Note:  Do not rely on this information. It is very old.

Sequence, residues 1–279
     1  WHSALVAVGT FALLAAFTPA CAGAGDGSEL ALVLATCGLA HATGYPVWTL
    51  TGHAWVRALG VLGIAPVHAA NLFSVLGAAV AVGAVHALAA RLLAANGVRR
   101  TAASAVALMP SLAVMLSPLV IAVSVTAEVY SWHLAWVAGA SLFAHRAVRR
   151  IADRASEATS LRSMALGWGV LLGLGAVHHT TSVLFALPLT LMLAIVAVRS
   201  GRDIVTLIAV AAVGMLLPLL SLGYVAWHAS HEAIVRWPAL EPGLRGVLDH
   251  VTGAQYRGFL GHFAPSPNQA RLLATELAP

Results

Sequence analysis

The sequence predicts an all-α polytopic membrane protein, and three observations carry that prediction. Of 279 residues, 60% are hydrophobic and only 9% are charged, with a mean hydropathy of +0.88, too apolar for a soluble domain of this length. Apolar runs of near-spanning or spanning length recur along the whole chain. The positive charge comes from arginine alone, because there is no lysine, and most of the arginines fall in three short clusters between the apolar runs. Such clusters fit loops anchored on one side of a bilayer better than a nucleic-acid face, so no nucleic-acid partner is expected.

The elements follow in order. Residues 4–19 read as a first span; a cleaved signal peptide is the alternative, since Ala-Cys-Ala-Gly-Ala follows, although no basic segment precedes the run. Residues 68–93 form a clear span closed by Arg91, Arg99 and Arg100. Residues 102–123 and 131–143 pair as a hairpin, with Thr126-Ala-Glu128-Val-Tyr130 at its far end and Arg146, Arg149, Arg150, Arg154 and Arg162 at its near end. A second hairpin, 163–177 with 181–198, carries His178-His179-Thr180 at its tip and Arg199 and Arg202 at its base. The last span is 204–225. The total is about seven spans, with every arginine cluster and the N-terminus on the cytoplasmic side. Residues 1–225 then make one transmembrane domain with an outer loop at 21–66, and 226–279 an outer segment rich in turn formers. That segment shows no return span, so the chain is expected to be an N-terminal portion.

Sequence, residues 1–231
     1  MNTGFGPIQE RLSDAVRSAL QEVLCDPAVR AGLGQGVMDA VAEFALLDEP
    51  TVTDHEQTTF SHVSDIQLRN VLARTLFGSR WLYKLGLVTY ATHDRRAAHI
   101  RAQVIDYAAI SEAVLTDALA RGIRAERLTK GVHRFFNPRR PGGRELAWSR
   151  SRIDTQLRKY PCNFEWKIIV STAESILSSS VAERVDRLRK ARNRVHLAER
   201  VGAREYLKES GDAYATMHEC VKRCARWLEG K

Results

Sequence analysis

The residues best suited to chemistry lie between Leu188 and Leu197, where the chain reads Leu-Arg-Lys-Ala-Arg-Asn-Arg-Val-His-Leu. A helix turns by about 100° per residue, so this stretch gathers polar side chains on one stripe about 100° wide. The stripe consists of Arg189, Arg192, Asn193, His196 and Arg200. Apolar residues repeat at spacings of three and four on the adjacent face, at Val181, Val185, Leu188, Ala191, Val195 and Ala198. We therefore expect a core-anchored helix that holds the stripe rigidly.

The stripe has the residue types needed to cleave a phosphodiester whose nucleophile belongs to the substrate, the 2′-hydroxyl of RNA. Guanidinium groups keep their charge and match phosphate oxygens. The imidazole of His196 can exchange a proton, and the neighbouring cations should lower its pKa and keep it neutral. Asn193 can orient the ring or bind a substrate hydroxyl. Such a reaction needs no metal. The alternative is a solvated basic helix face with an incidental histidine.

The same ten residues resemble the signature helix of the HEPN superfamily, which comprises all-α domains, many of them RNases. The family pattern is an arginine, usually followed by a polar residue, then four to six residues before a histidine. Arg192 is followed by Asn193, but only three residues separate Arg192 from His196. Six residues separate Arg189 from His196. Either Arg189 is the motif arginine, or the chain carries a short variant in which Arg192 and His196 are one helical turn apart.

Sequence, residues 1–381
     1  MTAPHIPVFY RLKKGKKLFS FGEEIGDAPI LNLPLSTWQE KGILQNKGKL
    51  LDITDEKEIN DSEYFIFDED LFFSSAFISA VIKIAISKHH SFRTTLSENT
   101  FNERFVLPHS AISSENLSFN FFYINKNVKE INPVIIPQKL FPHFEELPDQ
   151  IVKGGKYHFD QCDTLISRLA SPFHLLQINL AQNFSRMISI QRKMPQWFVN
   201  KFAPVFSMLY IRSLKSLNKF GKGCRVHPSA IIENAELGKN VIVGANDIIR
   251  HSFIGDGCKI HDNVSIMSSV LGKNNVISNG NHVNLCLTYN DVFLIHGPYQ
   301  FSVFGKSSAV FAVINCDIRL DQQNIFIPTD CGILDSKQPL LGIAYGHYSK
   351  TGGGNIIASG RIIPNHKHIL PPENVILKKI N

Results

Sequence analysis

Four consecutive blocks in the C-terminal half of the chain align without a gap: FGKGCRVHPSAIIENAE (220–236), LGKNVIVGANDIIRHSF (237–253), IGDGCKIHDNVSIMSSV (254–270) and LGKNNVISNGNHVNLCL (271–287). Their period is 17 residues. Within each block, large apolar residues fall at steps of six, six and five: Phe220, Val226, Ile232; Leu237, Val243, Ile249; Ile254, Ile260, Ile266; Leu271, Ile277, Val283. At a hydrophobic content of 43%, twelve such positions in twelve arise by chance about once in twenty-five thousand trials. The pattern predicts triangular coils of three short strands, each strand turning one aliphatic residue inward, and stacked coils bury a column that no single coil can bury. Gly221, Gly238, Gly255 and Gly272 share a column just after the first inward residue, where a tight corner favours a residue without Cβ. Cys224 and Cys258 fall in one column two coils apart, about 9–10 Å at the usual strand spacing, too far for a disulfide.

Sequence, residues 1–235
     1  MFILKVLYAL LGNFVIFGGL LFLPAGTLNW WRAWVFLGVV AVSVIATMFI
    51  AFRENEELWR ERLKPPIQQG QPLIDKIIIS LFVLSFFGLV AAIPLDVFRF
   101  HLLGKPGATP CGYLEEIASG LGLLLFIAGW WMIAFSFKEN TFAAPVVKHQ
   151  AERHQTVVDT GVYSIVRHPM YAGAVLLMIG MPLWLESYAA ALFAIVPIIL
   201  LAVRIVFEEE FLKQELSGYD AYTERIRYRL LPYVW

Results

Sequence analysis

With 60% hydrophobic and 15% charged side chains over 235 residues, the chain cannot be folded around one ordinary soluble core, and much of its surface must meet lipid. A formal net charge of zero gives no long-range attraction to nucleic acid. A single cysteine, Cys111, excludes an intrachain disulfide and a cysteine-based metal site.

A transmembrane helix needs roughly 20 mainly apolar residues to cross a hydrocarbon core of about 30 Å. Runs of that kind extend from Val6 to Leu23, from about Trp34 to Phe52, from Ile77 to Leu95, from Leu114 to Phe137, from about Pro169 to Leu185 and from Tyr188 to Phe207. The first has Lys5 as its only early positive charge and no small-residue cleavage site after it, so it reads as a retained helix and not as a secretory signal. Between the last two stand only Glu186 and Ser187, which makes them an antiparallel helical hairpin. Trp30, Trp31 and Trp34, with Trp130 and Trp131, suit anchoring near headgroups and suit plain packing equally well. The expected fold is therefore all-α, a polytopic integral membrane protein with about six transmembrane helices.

Cellulose. The membrane forming the walls of plant cells, and which generally forms the framework of all vegetable tissues, is, in all cases, composed chiefly of the same chemical substance, termed cellulose. Cotton wool, elder pith, hemp, etc., consist almost entirely of cellulose, which may be obtained pure from any of these sources by removing the impurities by different solvents. When so obtained, it is a white solid, insoluble in water or alcohol, but soluble in strong sulphuric acid, which converts it into sugar. If pure it is stable, but in the presence of other vegetable matter it soon decomposes. Its chemical composition maybe represented by (C6H10O5)n, the exact complexity of the molecule being unknown. By treatment with concentrated sulphuric acid it may be entirely converted into grape-sugar, a process by which sugar for brewing and other purposes is largely manufactured from linen-rags or other refuse. Though cellulose does occur as a rare substance in the animal kingdom, it is more especially characteristic of the vegetable cell, and the cellulose walls can be seen to be formed by nascent or "primordial" cells out of the protoplasmic substance In the metasperm of the date-palm, and probably in other cases, cellulose occurs as a reserve substance, the cell-walls being thick in the ripe seed and thinning during germination. More commonly the walls of old cells undergo one of three changes. becoming impregnated with lignin, cutin, or mucin, substances richer in carbon than is cellulose. In the first case, lignification, characteristic of wood-cells, the wall becomes less plastic, less permeable, hard, and susceptible of a distinct yellow coloration by iodine alone and brown with sulphuric acid. In the second case, cuticularisation, characteristic of cork and cuticle, the wall becomes elastic, impermeable, and non-absorbent, and offers great resistance to the action of even strong acids. It becomes yellow on treatment with iodine and does not swell, as do unaltered or lignified walls, on treatment with sulphuric acid. The third case, conversion into mucilage, as in the testa of linseed, renders the walls extremely absorbent, swelling considerably with water. These three changes are known compendiously in German as vcrholzung, verkorkung, and verschleimung respectively.